There are other relationships between the studio and the existing faculty buildings: the west side of Arquitectonica’s building is rotated to create an entrance which aligns with the faculty’s Léon Krier-designed portico and core campus quad, ensuring pedestrian connectivity is seamless while maintaining required street lines and plot boundaries.
Inside, the studio is stripped back and open plan, with mobile offices and felt curtains enabling flexible spaces. Image Credit: Miami in Focus
Aesthetically, despite its minimalism, the new studio is a far cry from the bright white, art deco-like postmodernism of Krier (as well as the original modernism, also painted white, of Manley). This is a project defined by its materiality: raw concrete and glazed walls.
The concrete walls use both vertical and horizontal formwork detailing while that dramatic roof, as well as the internal floor, go without. The north and south sides of the building have fully glazed, 5.5m-high walls — with in-built windows. These are, in fact, the largest panes of glass in Miami-Dade County, an area where vulnerability to hurricanes means glass walls are typically a no-no. Fort admits it was hard to get approval from the city for hurricane safety, and the glass (by Tecnoglass) had to go through rigorous testing — but it finally got approval.
The simplicity of material allows the soaring lines of the building’s form to attract the attention they deserve. The roof, which droops down to half the building’s 5.5m height at the south-west corner, cantilevers dramatically on both the west and south sides, exaggerated by the elegantly curved western wall which creates the contextually aligned entrance. This curved wall also defines a sheltered ‘outdoor studio space’, and its acoustic qualities have it known as the ‘whispering wall’.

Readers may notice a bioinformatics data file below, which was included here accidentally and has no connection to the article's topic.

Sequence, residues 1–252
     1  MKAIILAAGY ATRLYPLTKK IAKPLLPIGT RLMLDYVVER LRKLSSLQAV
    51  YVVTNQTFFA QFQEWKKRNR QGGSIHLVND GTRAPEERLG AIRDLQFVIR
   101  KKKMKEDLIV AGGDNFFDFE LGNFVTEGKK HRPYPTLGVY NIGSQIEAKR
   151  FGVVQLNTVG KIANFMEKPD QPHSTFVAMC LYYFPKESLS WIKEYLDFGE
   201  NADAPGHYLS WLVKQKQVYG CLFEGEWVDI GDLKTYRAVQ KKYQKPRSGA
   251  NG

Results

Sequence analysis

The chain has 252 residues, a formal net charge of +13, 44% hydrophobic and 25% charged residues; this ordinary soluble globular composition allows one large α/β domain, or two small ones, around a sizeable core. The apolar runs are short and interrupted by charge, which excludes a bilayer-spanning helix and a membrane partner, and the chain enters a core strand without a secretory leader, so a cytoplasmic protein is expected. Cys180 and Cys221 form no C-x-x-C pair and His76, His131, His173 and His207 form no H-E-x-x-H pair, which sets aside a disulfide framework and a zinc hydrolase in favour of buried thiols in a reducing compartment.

The building includes the largest panes of glass in Miami-Dade County, specially tested to withstand hurricane-force winds. Image Credit: Miami in Focus
The cantilevered roof isn’t just about effect though: on the south side of the building, the roof cantilevers beyond the outer glazed wall by 7.5m, so that the powerful Floridian sunshine doesn’t heat up the studio, or blind the students. This ensures relatively consistent ambient lighting in daytimes — and creates a shaded seating area, which doubles up as an events space.
Concrete may be used a lot in south Florida, but Fort explains: ‘We wanted it in its raw form as we didn’t want to cover the material up.’ Set only against glazing, there is a satisfying play of solid and transparent, heavy and light.
The building won the American- Architects 2018 Building of the Year Award this February. Meanwhile, Arquitectonica has been working on something a little different, though also on the Coral Gables campus. To the east of the studio building, across the green lawns, construction is underway on the practice’s student housing designed for the university, due to complete in 2020. Gazing across campus from the west side, there is a nice little dialogue between the smooth curve of the studio roof and the jagged roof of the six-storey-high student housing. Founded in 1977, the now-global practice continues to sculpt the Miami cityscape in inventive ways.